The thing is, different audiences will have different shared literature. The Bible and Shakespeare are a common heritage, I agree. But my husband and I recently discovered that I didn’t recognize a quote by Pascal that he used without attributing it (I’m afraid I complimented him on it) whereas when I used “hope is the thing with feathers”, assuming he’d get the reference, he did not.

I wonder if people are more likely to think it’s okay to use these gems without attribution if they are someone else’s.

52

CJColucci 08.08.14 at 3:00 pm

drkrick:

Going on memory here, which is always a risk and exponentially greater as I age, but I recall a 1980 Doonesbury strip in which Kennedy is bobbling a Roger Mudd-like question and the interviewer says: “A verb, Senator. We need a verb.”
I think I’ve used that, substituting for “Senator,” once or twice since without attribution, so I’m putting the world on notice here that I have now attributed it if I use it again.

53

geo 08.08.14 at 4:40 pm

Henry @50: Sorry, I should have noticed your tongue in your cheek. Priceless quote! From Joyce?

Kevin Marshall @35: Awesome. Did you just dash that off, or did you steal it from somewhere? (Not that it matters!)

54

Ogden Wernstrom 08.08.14 at 4:45 pm

This, from geo 08.07.14 at 11:01 pm:

As you must know, Henry, half of Irish conversation consists of plays on words and comic variations on well-known phrases. Without the assumption of a common linguistic heritage, this delightful appurtenance of civilization would disappear. If the literal-minded, overzealous plagiarism hunters get their way, it surely will.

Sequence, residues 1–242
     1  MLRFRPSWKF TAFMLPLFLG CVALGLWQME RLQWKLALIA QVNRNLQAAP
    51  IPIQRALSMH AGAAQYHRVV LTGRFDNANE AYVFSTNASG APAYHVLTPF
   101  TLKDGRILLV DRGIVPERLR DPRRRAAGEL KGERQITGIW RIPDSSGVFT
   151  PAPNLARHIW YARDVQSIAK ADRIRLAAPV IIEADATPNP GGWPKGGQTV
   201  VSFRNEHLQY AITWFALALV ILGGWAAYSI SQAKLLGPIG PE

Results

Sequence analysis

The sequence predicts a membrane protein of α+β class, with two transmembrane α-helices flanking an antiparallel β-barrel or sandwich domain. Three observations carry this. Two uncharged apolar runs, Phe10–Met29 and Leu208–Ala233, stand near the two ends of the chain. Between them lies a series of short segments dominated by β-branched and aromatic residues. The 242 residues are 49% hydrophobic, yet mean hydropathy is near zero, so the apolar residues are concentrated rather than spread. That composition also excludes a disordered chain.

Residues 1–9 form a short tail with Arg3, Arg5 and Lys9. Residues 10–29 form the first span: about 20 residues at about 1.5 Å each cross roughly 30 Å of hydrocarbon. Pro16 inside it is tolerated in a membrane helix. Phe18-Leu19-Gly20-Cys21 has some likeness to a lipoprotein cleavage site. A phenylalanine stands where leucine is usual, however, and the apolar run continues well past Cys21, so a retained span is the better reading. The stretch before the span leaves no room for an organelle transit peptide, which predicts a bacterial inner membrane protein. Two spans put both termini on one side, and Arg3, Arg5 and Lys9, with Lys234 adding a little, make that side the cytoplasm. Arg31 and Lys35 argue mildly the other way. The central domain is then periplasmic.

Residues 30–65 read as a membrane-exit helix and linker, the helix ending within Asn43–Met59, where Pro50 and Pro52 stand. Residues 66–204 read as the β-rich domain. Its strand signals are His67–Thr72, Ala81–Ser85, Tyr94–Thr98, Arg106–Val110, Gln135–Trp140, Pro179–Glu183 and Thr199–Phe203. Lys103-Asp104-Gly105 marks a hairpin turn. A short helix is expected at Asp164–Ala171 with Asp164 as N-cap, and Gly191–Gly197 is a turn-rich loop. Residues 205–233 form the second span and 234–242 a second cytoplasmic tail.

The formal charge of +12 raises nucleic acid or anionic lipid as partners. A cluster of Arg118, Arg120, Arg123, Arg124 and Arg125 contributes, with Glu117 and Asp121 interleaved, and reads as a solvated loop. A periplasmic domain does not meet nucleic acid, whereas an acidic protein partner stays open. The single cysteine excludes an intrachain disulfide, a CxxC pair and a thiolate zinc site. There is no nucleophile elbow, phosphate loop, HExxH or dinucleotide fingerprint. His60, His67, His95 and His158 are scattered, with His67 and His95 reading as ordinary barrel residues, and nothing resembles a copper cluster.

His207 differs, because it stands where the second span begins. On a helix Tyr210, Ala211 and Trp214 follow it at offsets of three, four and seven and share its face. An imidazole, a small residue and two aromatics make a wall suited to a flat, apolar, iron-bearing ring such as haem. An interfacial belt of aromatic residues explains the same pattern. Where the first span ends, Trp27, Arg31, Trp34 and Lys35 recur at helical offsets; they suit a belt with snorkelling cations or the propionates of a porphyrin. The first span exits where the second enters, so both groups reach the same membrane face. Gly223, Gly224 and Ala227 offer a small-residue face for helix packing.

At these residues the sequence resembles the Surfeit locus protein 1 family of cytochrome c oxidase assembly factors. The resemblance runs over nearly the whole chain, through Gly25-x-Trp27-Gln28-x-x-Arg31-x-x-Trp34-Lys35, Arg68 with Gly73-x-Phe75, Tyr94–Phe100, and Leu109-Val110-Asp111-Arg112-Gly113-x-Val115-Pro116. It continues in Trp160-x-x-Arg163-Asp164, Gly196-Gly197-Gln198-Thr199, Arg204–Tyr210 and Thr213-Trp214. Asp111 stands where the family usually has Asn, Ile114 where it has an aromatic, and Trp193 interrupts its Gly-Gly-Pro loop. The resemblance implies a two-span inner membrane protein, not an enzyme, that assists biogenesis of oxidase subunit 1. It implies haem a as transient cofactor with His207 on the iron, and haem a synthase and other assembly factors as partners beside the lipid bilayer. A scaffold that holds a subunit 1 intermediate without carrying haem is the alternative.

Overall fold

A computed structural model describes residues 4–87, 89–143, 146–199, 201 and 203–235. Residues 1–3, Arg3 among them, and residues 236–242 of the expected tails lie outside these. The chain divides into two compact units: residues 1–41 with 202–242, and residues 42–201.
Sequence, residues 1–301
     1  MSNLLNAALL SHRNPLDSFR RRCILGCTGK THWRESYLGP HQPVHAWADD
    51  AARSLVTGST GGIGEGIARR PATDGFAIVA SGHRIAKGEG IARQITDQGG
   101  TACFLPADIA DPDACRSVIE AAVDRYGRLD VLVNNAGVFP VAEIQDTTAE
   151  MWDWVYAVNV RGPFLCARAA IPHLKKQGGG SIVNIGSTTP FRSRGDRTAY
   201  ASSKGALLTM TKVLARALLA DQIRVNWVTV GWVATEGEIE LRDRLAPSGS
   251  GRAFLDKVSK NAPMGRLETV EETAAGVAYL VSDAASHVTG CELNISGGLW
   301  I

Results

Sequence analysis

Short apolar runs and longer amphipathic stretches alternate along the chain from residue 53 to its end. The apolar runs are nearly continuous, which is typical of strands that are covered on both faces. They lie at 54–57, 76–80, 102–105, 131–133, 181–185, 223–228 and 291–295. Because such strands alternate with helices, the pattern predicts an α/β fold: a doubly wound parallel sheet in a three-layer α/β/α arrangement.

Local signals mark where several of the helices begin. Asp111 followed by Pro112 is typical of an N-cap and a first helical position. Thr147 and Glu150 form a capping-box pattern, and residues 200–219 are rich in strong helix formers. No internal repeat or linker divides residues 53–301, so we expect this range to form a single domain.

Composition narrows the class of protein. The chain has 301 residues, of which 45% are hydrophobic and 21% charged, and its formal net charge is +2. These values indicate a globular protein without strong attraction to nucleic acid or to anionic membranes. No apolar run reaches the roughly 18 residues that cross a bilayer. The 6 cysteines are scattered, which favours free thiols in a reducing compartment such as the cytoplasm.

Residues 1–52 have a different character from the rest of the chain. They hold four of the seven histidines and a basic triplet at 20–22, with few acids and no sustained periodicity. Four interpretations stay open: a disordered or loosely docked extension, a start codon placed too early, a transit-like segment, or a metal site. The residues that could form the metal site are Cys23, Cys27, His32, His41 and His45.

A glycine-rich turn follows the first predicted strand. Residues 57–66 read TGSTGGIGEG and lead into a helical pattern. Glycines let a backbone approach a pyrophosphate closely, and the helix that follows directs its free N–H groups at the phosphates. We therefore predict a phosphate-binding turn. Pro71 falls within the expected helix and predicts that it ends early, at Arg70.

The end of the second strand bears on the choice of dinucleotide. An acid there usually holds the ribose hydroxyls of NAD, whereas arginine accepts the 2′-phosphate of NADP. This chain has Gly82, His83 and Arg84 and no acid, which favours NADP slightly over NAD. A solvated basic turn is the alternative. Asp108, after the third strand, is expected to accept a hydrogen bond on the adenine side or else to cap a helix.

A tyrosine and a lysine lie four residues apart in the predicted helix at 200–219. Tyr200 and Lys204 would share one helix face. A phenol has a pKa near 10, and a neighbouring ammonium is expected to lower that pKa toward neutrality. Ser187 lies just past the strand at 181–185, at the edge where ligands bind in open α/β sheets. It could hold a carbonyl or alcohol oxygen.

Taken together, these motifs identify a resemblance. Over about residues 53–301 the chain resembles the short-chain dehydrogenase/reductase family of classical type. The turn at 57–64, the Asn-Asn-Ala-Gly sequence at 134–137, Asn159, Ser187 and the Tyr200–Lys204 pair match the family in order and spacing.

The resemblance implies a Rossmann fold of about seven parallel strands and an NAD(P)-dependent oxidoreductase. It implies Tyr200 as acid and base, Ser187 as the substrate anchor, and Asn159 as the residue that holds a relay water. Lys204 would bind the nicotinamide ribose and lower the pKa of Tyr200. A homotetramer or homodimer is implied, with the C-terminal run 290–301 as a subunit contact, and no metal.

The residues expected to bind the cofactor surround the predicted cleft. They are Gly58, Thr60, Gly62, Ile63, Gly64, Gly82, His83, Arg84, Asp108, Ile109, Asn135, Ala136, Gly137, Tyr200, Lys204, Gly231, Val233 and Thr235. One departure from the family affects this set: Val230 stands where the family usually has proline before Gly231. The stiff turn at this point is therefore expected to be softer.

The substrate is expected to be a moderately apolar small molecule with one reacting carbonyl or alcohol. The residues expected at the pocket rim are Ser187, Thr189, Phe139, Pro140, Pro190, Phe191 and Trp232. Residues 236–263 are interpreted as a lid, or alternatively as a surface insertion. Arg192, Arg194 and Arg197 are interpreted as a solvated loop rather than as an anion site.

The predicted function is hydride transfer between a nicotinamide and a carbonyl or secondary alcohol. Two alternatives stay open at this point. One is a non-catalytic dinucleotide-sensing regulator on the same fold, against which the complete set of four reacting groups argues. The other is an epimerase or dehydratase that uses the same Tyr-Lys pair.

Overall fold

…reminded me that The Game’s Afoot(1) to establish perpetual copyright. I do not suppose that could reasonably be made retroactive, since so much that is written does rely upon phrases previously turned and aphorisms already coined. But reasonability may not be important when there is Big Money(2) to lobby for an unjust cause.

Would I have to pay somebody every time I called George W. Bush A Connecticut Yankee(3)? When I’m trying to make a point about race, can I use a scene from The Adventures of Tom Sawyer(4) without cost? When I use a line from The Three Musketeers(5), will there arise such a clatter [Twas The Night Before Christmas(6)] about my ability to put those words in that order?

This movement to extract perpetual rents is not new; early in the Twentieth Century(7), Samuel Clemens addressed Congress about a proposed expansion of copyright…not that it did much good. The rentiers continue to work toward turning the US into their Treasure Island(8).

I apologize for writing something so Crazy for [all of] You(9).

(1) Ken Ludwig, licensing by Samuel French, Inc.
(2) PopCap Games, licensing available on GSN.com .
(3) Herbert Fields, licensing unknown.
(4) Ken Ludwig, licensing by MTI.
(5) Ken Ludwig, licensing by Samuel French, Inc.
(6) Ken Ludwig, licensing by Samuel French, Inc.
(7) Ken Ludwig, licensing by Samuel French, Inc.
(8) Ken Ludwig, licensing by Samuel French, Inc.
(9) Ken Ludwig, licensing by Tams-Witmark.

55

In the sky 08.08.14 at 5:24 pm

Henry @50: Sorry, I should have noticed your tongue in your cheek. Priceless quote! From Joyce?

I’m willing to bet a pint of plain, without being certain, that Joyce is not your only man for that quote.

56

Bloix 08.08.14 at 10:03 pm

#40 – and on cue, Language Log puts up a post with a detailed analysis of the alleged patchwriting “plagiarism” – with a bonus of an example of Shirley doing it himself.

http://languagelog.ldc.upenn.edu/nll/?p=13914#more-13914

It’s pretty clear that Perlstein did paraphrase Shirley, and some of the examples are uncomfortably similar. But in my humble opinion – as I said on Language Log before the Perlstein matter arose, so I’m not tailoring my position to fit my politics – this is not plagiarism.

57

Henry 08.10.14 at 11:31 am

Geo, as In the Sky hints, it’s from Flann O’Brien’s At Swim-Two-Birds, so not Joyce, though he was a fan of the book.